Difference between Fans, Blowers and Compressors

  • Introduction

Fans and blowers provide air for ventilation and industrial process requirements. Fans generate a pressure to move air (or gases) against a resistance caused by ducts, dampers, or other components in a fan system. The fan rotor receives energy from a rotating shaft and transmits it to the air.


Difference between Fans, Blowers and Compressors



Fans,  blowers and compressors are differentiated by the method used to move the air, and by the system pressure, they must operate against. As per American  Society of Mechanical Engineers (ASME) the specific ratio – the ratio of the discharge pressure over the suction pressure – is used for defining the fans, blowers, and compressors (see Table 5.1).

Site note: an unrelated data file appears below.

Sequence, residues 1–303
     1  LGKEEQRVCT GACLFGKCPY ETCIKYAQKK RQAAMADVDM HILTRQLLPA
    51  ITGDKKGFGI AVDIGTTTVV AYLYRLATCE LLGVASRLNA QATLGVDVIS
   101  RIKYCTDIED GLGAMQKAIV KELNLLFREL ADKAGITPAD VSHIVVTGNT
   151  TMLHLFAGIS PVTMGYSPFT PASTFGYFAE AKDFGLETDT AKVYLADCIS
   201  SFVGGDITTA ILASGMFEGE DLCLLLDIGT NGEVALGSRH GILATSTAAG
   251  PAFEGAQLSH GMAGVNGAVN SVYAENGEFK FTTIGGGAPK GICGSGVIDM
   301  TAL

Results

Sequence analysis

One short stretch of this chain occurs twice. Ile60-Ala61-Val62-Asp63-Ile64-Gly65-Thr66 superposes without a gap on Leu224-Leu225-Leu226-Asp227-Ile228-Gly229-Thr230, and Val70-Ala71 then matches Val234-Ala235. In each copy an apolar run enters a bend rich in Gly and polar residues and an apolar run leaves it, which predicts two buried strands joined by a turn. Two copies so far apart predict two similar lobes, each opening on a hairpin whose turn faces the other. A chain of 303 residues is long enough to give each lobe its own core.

5.2 Fan Types

Table 5.1 Differences Between Fans, Blower And Compressor





Specific Ratio


Pressure rise (mmWg)




Up to 1.11






1.11 to 1.20


1136 – 2066




more than 1.20




Fan and blower selection depends on the volume flow rate, pressure, type of material handled, space limitations, and efficiency. Fan efficiencies differ from design to design and also by types. Typical ranges of fan efficiencies are given in Table 5.2.


Fans fall into two general categories: centrifugal flow and axial flow.


In centrifugal flow, airflow changes direction twice – once when entering and second when leaving (forward curved, backward curved or inclined, radial) (see Figure 5.1).


In axial flow, air enters and leaves the fan with no change in direction (propeller, tube axial, vane axial) (see below table).


Fan Efficiencies
Type of fan Peak Efficiency


Centrifugal Fan
Airfoil, backward curved/inclined 79-83
Modified radial 72-79
Radial 69-75
Pressure Blower 58-68
Forward curved 60-65
Axial fan
Vane axial 78-85
Tubeaxial 67-72
Propeller 45-50

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